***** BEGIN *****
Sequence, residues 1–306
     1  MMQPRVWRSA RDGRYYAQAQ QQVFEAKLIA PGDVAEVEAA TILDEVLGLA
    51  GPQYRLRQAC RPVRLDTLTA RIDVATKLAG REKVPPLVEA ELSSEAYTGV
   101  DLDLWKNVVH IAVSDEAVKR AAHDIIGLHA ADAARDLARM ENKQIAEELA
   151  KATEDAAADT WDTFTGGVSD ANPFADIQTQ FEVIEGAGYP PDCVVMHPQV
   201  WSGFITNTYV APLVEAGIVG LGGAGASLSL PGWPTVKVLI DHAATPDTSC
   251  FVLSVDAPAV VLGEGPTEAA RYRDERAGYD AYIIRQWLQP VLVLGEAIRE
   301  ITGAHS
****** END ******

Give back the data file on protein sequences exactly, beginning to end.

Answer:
Sequence, residues 1–306
     1  MMQPRVWRSA RDGRYYAQAQ QQVFEAKLIA PGDVAEVEAA TILDEVLGLA
    51  GPQYRLRQAC RPVRLDTLTA RIDVATKLAG REKVPPLVEA ELSSEAYTGV
   101  DLDLWKNVVH IAVSDEAVKR AAHDIIGLHA ADAARDLARM ENKQIAEELA
   151  KATEDAAADT WDTFTGGVSD ANPFADIQTQ FEVIEGAGYP PDCVVMHPQV
   201  WSGFITNTYV APLVEAGIVG LGGAGASLSL PGWPTVKVLI DHAATPDTSC
   251  FVLSVDAPAV VLGEGPTEAA RYRDERAGYD AYIIRQWLQP VLVLGEAIRE
   301  ITGAHS